"Useful" means different things in science and in patent law. As one court put it, "anything under the sun made by man" is useful in the context of patents. Accordingly, much of the arguing is over other requirements, namely novelty and non-obviousness.
It's true that research papers contain a lot of data "proving" usefulness. But research papers have a different purpose than patents do.
As JimIvey points out, "useful" in the patent context has a very specific meaning. "Usefulness" is a problem for very few patent applications -- mostly ones claiming oddball stuff like cold fusion and perpetual motion.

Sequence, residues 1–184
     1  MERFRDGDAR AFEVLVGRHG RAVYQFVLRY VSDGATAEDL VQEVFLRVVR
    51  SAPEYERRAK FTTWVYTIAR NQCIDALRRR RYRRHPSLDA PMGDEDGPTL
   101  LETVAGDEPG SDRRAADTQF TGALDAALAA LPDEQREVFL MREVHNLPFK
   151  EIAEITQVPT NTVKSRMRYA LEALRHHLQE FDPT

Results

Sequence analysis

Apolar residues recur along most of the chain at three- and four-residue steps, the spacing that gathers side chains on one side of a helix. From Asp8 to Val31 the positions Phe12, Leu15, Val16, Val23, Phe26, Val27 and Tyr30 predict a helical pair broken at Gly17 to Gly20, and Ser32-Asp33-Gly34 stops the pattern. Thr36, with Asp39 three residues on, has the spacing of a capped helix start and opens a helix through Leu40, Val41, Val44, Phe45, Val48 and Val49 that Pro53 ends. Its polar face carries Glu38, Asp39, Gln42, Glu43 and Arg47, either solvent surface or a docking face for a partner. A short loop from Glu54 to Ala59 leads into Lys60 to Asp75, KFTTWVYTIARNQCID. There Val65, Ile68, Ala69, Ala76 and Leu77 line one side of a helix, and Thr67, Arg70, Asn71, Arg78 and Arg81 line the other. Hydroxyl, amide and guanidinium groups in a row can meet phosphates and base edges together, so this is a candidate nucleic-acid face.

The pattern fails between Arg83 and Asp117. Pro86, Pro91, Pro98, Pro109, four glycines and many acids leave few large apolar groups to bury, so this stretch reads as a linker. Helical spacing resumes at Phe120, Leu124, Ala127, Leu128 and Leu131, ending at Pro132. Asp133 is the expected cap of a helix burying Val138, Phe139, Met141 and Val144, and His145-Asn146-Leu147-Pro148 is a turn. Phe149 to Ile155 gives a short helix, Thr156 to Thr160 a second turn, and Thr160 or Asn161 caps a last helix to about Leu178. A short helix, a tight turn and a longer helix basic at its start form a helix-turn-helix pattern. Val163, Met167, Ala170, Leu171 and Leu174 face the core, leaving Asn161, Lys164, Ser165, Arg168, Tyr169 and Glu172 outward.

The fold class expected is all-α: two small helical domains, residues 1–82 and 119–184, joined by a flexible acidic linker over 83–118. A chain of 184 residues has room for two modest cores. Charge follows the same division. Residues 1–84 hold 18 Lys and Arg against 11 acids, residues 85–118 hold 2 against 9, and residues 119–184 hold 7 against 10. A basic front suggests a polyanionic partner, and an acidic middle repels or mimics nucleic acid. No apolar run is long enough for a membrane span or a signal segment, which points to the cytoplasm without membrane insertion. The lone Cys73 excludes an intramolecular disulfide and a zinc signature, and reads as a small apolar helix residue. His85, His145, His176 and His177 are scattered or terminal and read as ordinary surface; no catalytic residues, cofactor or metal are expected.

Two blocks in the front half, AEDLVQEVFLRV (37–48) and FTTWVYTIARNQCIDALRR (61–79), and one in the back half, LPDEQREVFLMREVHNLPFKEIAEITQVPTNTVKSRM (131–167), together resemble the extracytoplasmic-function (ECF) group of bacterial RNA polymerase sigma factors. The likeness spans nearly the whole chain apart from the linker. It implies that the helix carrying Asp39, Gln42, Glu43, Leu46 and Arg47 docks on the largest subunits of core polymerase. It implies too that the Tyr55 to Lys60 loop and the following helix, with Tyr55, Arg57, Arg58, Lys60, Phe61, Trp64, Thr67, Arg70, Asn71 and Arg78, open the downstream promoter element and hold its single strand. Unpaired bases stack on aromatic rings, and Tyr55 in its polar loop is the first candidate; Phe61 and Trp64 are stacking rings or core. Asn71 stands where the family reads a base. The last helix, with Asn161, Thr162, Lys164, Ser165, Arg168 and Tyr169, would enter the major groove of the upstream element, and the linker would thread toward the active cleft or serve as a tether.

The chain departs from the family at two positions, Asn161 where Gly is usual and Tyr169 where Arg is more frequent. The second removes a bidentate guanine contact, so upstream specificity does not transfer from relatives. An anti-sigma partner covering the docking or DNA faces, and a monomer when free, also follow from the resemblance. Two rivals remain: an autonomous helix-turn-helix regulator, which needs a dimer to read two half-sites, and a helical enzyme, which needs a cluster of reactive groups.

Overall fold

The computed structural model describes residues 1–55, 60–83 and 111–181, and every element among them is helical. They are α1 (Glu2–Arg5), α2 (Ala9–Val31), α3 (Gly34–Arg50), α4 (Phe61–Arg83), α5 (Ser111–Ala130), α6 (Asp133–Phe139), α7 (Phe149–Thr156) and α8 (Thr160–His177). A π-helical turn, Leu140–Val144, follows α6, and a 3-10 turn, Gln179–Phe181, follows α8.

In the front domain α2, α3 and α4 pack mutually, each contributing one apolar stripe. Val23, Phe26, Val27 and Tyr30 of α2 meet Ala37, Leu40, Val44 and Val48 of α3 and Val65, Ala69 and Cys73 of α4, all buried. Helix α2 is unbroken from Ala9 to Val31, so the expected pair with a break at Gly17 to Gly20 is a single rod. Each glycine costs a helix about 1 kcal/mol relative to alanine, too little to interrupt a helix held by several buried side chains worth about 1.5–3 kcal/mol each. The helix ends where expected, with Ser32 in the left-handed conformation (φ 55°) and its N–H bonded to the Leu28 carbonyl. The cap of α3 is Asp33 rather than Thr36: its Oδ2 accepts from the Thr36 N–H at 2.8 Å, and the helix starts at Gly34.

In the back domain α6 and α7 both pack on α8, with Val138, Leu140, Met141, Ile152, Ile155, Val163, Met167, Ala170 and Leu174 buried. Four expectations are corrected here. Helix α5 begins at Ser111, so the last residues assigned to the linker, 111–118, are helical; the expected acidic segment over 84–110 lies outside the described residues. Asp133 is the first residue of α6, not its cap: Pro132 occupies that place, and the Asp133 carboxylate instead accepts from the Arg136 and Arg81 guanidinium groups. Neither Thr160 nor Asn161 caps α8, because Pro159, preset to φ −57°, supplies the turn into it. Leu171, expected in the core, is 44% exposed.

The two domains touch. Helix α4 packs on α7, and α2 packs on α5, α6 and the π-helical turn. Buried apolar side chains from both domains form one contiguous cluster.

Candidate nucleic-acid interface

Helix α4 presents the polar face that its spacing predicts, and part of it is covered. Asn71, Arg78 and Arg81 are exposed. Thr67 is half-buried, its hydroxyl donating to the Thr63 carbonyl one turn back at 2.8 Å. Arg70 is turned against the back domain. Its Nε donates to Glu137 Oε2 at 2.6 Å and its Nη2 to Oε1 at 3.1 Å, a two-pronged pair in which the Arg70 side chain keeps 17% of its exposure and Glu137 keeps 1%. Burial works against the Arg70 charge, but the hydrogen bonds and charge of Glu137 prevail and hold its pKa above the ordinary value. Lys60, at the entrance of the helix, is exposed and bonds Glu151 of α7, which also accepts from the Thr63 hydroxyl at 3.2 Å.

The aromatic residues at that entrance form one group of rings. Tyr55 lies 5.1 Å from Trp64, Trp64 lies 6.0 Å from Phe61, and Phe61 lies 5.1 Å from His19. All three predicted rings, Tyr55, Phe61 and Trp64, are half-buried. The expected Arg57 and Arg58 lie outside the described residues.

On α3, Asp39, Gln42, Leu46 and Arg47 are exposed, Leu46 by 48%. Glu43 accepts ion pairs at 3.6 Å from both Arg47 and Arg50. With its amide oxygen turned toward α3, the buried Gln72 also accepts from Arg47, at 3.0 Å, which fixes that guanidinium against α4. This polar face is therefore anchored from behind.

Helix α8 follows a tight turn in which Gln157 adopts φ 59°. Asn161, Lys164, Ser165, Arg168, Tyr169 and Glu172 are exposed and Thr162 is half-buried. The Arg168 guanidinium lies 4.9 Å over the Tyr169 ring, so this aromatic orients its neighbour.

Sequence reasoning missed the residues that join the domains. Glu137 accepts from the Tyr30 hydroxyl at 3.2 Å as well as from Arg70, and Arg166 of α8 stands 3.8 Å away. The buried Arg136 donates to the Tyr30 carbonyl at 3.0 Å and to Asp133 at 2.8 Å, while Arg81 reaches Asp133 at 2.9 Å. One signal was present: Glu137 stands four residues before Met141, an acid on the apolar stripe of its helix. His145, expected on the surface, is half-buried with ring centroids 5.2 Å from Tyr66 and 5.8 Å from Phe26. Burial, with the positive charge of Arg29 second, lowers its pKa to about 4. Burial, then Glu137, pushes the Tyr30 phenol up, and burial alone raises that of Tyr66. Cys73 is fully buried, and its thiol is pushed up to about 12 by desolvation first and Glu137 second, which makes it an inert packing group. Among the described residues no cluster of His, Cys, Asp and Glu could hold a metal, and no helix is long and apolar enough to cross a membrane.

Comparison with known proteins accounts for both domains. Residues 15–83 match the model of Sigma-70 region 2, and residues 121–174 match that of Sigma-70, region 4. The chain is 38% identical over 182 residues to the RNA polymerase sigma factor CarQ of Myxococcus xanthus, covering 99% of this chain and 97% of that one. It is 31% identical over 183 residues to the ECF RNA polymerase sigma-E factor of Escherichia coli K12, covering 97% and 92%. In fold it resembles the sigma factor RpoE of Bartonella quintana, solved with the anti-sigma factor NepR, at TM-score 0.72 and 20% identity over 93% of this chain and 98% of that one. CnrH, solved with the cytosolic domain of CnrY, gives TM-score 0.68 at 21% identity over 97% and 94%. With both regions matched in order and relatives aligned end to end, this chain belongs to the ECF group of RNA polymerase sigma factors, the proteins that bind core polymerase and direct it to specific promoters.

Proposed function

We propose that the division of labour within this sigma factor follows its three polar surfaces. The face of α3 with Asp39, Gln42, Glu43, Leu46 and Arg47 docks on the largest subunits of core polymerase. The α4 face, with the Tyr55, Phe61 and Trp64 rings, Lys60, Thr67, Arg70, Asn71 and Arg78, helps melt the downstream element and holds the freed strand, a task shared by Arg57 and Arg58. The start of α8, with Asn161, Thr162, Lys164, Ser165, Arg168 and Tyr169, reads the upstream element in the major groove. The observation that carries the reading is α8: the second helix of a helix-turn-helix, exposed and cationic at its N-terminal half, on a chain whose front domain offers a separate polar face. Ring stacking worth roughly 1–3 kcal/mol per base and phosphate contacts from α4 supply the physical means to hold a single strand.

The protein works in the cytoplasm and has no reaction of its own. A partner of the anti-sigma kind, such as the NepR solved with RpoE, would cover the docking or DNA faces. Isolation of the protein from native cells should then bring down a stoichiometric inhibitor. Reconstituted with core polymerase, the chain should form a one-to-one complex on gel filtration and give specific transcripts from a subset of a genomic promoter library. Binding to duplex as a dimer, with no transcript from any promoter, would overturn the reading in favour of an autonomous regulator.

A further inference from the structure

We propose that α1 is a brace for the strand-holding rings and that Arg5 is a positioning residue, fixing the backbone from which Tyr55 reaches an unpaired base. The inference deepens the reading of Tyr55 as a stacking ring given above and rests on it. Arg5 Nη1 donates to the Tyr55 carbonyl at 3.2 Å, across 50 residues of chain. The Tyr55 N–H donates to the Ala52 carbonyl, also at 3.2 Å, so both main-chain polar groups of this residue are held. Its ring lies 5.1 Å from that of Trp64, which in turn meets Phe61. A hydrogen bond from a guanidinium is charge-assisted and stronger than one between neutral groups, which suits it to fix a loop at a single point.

The big issues which plague inventors in their efforts to obtaining a patent are novelty and non-obviousness. Also, to a lesser degree, enablement (how to make and use the invention) and written description (loosely, what did you invent?).
The market will decide whether or not things covered by your patent are useful.